By Nick Gilbert
The Environmental Protection Agency (EPA) has provided a comprehensive assessment of Bristol Bay in Alaska, which has won the support of environmentalists, conservation activists, sportsmen, hunters, anglers and people belonging to the fishing industry.
The scientific assessment, which runs for 339-pages, recognizes the bay area as an important area for sockeye salmon fishery and the detrimental effects to this area that may occur due to the proposed Pebble mine. The open-pit mine will become the largest of its type in North America, and will produce toxic mine waste in the size of 10 billion tons. This waste has to be treated and stored permanently. The wetlands in the Bristol Bay watershed may be used for mining-associated dredge and fill activity.
The EPA assessment found that around 14,000 jobs with a value of around $480 million were provided by the wild salmon fishery and the other natural resources of the Bristol Bay. Mining of the Pebble deposit will affect around 2500 acres of wetlands and approximately 87 mi of salmon streams.
The EPA made approximate estimates of the potential failures by studying four different types of large mine failures. They found that accidents may occur, which may lead to immediate and long-term critical impacts on salmon and its habitat.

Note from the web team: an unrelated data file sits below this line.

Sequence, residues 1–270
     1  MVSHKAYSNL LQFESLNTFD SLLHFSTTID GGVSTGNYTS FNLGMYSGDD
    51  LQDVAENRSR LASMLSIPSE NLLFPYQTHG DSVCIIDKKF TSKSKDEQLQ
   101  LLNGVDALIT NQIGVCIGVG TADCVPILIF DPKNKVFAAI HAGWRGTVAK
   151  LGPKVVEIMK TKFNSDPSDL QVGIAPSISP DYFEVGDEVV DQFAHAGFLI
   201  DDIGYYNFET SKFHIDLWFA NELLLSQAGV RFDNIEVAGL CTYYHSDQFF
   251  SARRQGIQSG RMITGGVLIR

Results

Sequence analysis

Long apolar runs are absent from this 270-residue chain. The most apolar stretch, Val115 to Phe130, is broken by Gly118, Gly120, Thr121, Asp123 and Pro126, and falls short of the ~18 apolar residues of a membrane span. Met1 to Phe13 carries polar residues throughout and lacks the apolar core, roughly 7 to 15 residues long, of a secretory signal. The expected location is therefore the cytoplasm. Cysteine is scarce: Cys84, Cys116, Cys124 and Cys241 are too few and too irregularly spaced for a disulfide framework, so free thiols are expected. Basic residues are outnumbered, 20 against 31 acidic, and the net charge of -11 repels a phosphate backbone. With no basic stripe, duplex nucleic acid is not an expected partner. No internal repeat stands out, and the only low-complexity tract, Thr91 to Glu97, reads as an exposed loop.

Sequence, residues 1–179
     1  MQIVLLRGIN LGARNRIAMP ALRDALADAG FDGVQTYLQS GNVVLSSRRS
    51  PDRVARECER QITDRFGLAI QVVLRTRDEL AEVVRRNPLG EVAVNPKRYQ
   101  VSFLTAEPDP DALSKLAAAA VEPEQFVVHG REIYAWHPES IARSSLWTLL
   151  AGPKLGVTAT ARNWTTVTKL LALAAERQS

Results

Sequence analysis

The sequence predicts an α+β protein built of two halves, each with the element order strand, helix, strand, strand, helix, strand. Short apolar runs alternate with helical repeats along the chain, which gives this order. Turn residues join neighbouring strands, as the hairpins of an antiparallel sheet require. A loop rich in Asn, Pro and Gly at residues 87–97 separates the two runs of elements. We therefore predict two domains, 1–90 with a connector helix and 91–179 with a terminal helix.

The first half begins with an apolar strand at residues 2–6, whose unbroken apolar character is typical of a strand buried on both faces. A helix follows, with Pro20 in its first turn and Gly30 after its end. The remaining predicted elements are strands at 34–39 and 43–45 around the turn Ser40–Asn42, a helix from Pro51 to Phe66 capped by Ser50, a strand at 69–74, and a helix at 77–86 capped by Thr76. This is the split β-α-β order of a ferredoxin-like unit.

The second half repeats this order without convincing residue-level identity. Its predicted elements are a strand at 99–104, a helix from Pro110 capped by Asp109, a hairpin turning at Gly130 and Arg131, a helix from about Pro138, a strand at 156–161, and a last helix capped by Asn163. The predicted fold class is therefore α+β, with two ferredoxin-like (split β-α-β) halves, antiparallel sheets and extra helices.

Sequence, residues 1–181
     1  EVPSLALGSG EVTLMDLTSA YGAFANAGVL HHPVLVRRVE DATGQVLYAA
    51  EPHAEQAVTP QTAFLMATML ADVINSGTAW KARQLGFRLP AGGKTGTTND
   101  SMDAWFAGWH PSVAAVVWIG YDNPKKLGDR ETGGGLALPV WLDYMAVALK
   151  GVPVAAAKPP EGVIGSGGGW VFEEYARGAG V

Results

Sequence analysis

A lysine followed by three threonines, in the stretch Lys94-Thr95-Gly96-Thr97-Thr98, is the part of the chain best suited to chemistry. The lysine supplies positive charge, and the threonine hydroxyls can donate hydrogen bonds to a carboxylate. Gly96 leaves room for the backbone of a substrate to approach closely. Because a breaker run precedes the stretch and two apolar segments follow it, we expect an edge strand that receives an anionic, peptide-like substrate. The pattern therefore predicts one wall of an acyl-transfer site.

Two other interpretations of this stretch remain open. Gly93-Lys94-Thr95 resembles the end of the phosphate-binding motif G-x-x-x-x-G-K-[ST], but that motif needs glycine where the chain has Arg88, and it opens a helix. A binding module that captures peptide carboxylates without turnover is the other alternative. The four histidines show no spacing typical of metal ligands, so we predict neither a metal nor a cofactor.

The CEO of Trout Unlimited, Chris Wood, has called upon President Obama to protect the numerous American jobs, the revenue and the fishery. Sportsmen are supporting the EPA to use the Clean Water Act and protect the bay.
The Theodore Roosevelt Conservation Partnership, the American Sportfishing Association, the Dallas Ecological Foundation, the Dallas Safari Club and around 500 hunting and angling groups have expressed their support for the EPA to preserve and protect the Bristol Bay region from the proposed Pebble Mine.